Did I really just switch from Mac to Windows?

Congrats on the switch! I’ve been there - Windows to Mac and back to Windows. It’s not the life changing, perspective altering, reality warping event the hardcore make it out to be… they’re just computers. Use whatever fits your budget, workflow, and style.

I highly suggest looking into a DIY build if a desktop is in your future. Lots of learning and it feels great to build a custom setup… provided it posts lol. There’s the added bonus of being my own hardware tech. No more “genius” or “nerd brigade” techs to deal with

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surprised nobody here mentions iPadOS and the opportunity Apple is taking to redefine what we think a “desktop” is.

It also sounds like y’all really love your desktops. Ive been on UN*X, Windows, Mac, iOS, Android, Palm, Linux over the years & iOS is the only operating system that has been fairly seamless. The only hiccup I have is my old HealthKit data is stuck in a 5s but this is my fault - I tried a refurbished 5s & they put a cheap battery in it that ended up bloating & damaging the screen. I never bothered to fix it & whatever path I took didn’t bring my HealthKit data into my iphone 8 and just let it go.

I bought an iPhone & MacBook the same year in 2007. I squeezed every ounce I could out of my MacBook running Linux until discovering an iPadPro is my replacement, not another MacBook! Super pleased my MacBook lasted 13 years. My brother donated his white 2007 MacBook which I triple-boot into 10.11.6, Win10, and Ubuntu. I find macOS Screen Sharing to access a remote mini server to be a really amazing experience as it preserves Command key bindings (even Command-H) and really makes using a remote desktop a breeze & quite transparent!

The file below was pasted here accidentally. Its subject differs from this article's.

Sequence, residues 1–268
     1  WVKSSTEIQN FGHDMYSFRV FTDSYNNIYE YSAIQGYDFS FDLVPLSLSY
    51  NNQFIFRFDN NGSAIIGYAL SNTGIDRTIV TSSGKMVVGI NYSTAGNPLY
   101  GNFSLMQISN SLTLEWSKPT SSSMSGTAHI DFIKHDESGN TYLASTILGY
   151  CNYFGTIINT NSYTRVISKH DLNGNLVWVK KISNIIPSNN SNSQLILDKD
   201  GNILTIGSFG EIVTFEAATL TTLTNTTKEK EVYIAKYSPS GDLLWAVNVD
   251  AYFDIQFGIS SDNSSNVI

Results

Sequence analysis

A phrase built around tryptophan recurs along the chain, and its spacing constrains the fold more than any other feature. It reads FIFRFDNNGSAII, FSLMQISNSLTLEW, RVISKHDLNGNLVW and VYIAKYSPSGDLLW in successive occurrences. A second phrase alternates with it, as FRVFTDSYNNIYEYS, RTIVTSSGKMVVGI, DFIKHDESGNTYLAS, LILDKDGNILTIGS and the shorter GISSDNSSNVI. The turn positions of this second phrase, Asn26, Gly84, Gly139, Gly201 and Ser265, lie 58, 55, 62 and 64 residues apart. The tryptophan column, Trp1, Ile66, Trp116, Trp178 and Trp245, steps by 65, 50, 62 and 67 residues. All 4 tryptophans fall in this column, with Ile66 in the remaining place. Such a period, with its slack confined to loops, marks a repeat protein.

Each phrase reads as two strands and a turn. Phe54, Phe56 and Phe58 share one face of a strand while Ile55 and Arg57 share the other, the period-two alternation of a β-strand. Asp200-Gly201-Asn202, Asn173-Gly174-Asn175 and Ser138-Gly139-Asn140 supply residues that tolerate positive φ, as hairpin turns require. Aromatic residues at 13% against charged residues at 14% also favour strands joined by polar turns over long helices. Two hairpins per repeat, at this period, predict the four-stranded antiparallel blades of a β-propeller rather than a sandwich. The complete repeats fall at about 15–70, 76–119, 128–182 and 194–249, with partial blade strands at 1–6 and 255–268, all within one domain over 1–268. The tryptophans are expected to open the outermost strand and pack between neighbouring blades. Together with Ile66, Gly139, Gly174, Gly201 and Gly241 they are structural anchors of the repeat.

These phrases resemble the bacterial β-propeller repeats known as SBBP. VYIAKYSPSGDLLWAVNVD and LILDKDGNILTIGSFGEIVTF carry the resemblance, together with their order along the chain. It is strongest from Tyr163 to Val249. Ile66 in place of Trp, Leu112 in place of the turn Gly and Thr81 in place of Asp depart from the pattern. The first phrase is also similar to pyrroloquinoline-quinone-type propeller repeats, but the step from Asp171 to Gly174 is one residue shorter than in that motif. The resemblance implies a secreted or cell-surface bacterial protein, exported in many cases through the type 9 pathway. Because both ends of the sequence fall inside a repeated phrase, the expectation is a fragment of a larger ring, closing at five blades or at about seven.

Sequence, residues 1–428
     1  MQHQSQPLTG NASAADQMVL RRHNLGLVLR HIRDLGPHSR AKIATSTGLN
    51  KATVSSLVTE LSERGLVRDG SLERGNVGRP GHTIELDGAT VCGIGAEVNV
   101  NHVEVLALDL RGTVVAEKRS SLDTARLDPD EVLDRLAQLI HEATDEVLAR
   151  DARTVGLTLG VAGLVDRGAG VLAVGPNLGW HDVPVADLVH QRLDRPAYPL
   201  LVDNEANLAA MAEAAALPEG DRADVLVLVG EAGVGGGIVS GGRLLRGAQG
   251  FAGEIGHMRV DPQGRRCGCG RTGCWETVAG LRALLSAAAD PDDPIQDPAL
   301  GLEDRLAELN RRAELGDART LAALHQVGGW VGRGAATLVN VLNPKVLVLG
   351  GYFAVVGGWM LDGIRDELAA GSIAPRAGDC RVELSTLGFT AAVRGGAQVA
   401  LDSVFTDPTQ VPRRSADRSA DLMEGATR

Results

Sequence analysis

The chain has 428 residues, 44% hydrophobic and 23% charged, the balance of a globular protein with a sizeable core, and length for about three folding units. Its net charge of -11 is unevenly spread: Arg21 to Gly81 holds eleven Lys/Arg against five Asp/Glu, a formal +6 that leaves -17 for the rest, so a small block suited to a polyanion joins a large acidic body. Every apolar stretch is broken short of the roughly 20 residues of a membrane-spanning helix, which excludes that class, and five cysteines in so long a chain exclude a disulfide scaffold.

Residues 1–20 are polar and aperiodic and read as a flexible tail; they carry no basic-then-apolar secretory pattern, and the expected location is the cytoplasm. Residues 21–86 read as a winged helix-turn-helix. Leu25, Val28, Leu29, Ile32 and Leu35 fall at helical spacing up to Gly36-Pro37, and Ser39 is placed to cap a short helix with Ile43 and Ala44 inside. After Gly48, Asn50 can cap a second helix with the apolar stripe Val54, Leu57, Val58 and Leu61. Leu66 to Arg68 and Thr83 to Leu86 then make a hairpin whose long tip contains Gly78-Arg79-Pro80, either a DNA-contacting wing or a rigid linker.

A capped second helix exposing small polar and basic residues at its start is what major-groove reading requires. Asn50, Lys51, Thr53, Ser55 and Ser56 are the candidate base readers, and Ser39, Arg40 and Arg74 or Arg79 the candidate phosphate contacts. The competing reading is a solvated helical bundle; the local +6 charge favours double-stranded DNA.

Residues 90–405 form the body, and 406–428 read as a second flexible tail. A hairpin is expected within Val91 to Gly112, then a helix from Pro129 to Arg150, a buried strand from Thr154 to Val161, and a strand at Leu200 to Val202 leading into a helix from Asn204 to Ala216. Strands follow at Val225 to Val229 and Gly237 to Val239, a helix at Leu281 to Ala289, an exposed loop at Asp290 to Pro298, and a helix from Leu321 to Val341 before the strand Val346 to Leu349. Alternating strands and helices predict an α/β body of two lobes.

iOS made me realize I don’t want to be constantly tweaking my system - I just want it to work w/o having to performance tune the system. iOS also made me realize letting Apple handle backups (iCloud Backup) is the right way to go - rebuilding devices has been trivial all these years & Apple has been really good at keeping the backup footprint small by not including system and app binaries. I was happy to get out of the game of rebuilding desktops in general.

I got an iPadPro 5 months ago and it’s been amazing - I can’t see myself going back to the desktop as we know it today as my primary device (yes, my iPad has eclipsed my phone!). Sure, it took some work to remove my dependencies on Chrome and macOS apps that never went mobile - but I got there & the future looks promising with iOS apps running natively on future macs.

So I’m guessing Apple will nab me with one of the Apple Silicon macs in the next 2 years. I’m definitely not in a rush - the iPadPro really reminds me that a computer is supposed to be fun & joy to use - that built-in apps are not a joke (I love Mail.app more than I loved Outlook and, yes, I absolutely loved Outlook back in early 2000!)

If macOS 11 is anywhere near as stable & smooth as iPadOS, it will spin circles around Windows on the new hardware.

That said, I’m really eager to see what Microsoft’s response will be.